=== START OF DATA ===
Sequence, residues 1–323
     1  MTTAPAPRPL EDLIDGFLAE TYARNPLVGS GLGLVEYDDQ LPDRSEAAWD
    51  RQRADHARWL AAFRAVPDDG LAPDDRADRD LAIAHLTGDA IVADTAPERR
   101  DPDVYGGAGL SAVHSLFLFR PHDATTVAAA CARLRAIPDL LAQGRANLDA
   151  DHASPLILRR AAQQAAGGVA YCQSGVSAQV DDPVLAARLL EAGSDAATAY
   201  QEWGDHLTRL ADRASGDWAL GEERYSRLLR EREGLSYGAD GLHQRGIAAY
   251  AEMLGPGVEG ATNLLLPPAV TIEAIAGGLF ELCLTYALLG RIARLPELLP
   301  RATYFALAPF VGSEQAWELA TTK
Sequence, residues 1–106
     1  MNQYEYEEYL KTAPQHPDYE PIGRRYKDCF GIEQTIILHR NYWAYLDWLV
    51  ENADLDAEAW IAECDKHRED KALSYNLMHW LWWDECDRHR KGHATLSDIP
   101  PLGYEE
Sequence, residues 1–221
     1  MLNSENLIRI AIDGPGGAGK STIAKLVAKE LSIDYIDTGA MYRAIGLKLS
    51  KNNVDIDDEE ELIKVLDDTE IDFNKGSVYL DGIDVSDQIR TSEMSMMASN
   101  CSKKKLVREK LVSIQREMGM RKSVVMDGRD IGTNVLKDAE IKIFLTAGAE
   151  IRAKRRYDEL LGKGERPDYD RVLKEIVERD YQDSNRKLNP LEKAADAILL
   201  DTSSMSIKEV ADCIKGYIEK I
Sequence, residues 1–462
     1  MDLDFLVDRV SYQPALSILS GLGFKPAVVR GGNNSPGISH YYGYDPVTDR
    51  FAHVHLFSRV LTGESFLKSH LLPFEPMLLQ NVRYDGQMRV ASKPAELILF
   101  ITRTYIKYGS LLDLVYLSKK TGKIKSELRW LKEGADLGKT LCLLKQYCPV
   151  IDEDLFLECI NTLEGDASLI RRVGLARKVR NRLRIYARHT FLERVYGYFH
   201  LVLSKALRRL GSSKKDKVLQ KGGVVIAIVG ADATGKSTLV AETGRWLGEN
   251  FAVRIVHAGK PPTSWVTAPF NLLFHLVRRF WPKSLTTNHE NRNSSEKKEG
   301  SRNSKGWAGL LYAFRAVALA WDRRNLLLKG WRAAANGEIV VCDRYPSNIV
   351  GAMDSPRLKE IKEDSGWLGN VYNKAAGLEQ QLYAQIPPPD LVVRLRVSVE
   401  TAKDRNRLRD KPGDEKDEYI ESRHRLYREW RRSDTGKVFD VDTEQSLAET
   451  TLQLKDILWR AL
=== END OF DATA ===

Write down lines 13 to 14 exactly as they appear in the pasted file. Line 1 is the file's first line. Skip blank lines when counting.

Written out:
Sequence, residues 1–221
     1  MLNSENLIRI AIDGPGGAGK STIAKLVAKE LSIDYIDTGA MYRAIGLKLS